A lot of new parents are understandably scared of their baby choking. The idea that your little one could be happily eating and then suddenly get into difficulties is enough to put you off finger foods altogether! Luckily the risk is usually a lot less than you might think, and you can easily keep it even lower.

Babies and Choking

Sit upright to eat

Babies are designed to learn how to eat and their mouths are shaped so that big lumps are pushed to the front and fall out (until they have learnt how to eat them). The system works very well, provided baby is sitting upright. Any sort of recline, in a high chair, bouncy chair or your arms for example, means that gravity pulls that lump of food back towards your baby’s throat. Choose chairs that allow your baby to sit up straight and let nature do it’s job.

Watch out for straps

If your baby does start to gag a little they can almost always sort it out themselves, but they need to be able to lean forwards. Straps that hold their shoulders against the back of a highchair might not let them move enough to do that very easily, waist straps or a separate harness could be safer.

On that note, feeding a baby in a car seat is best avoided especially while driving. They are strapped in so they can’t lean forwards, are usually reclined backwards and you wouldn’t be able to respond quickly in an emergency.


When you first start weaning there is a whole range of advice on textures, from smooth purée to giving them whatever you are eating. If you are worried about choking you might feel more comfortable sticking to finger foods that are soft enough to be very low risk – anything that you can mash between your tongue and the roof of your mouth or which dissolves easily.

The gag reflex

This is another one of nature’s clever designs, a safety net to protect your baby. Any lumps of food that move to the back of your baby’s mouth will make them gag, much further forward than they would in an adult. The gagging moves the food forward where it can either be chewed or will fall out safely. All that coughing and spluttering can look like choking to a worried parent but it’s probably not as serious as it seems. Rest assured, if your baby can cough or cry they can breathe and are probably clearing the lump on their own. Keep a close eye on them, of course, but don’t panic.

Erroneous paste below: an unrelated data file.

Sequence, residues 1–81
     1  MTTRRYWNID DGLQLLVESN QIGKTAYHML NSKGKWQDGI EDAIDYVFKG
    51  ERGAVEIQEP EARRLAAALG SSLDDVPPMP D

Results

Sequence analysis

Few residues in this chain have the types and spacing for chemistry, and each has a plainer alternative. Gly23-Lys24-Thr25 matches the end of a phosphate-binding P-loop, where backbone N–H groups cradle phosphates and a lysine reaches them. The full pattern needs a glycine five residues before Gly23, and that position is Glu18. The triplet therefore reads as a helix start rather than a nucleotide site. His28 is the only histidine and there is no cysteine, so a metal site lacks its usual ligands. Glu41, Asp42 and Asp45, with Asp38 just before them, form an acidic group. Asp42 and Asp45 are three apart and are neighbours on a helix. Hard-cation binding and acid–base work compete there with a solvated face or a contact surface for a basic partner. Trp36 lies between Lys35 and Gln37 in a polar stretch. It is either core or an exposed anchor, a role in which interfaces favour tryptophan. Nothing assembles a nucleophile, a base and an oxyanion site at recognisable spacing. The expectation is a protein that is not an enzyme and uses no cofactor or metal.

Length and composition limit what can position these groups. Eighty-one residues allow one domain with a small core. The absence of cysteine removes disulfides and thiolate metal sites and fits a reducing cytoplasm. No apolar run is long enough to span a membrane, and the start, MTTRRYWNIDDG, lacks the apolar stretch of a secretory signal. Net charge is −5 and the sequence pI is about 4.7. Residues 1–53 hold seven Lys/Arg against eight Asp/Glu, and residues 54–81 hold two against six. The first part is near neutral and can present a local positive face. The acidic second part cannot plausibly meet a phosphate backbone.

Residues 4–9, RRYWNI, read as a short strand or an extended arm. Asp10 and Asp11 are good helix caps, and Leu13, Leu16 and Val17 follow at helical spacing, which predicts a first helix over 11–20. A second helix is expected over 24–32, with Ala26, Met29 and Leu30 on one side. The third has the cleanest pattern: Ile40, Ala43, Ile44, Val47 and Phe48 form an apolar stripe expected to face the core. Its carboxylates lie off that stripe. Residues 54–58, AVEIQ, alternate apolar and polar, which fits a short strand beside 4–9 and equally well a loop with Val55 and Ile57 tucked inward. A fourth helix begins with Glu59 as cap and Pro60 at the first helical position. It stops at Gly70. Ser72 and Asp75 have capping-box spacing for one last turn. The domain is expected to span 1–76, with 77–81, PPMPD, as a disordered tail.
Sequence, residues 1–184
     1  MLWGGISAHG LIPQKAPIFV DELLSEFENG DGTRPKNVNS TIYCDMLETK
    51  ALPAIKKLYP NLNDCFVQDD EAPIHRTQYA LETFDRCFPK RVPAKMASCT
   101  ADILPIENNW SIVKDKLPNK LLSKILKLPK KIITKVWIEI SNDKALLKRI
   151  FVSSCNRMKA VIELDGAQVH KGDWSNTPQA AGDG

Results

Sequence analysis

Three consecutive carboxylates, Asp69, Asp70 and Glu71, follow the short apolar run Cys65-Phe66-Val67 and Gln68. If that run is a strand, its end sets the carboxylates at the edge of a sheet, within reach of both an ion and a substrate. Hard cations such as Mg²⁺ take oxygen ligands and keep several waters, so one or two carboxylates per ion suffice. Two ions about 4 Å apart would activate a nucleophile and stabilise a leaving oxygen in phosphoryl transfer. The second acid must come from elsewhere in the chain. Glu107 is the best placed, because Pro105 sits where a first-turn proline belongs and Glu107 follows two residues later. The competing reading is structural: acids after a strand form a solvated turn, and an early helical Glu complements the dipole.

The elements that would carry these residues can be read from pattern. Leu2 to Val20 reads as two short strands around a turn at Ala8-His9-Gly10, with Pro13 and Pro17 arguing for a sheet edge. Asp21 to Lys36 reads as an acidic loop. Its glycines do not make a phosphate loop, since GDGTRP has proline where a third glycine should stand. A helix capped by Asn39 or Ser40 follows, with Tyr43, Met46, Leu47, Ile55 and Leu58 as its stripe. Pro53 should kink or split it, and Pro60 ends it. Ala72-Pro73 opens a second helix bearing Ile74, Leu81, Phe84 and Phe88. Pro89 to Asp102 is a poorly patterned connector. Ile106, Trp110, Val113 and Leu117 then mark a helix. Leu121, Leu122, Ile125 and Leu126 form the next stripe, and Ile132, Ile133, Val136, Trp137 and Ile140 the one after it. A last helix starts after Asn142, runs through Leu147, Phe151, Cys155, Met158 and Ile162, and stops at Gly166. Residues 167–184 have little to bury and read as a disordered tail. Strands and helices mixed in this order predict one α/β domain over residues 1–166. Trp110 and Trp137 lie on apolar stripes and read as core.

Foods to avoid

There are a few foods that are a bigger choking risk and are best avoided for very small children, or which should be cut up. Anything thick and “claggy” can stick to the roof of a baby’s mouth and form a ball they can’t shift. Things like peanut butter or lots of very soft bread would fall into that category. Hard foods like whole nuts, boiled sweets and lollypops are difficult to chew and jelly cubes (before being made into jelly) are firm enough to get stuck.

The other category of foods to be aware of are those that are the exact size and shape to block a small child’s airway. Anything that has a circular cross section could fall into that category, like grapes, frankfurters or cherry tomatoes. You can still use those foods but always cut them lengthways so that they don’t form a circle. Be especially careful with very young children, if the food has a skin (which makes it harder to chew) or on occasions like birthday parties where children might not be behaving as sensibly as they usually do.

Learn what to do

The best thing you can do if you are worried about choking is to take a first aid course aimed at parents. Really I think every parent should be prepared but it will also reassure you if you feel a bit nervous. Daisy First Aid offer courses for parents nationwide and First Aid for Life currently have a free online course specifically looking at choking (it appears as a pop up when you scroll down the page).

If you would like more information on all aspects of weaning, from what to give them and when to start, to allergies and equipment (including how to get all that cooking done), have a look at First Foods.

Happy Eating!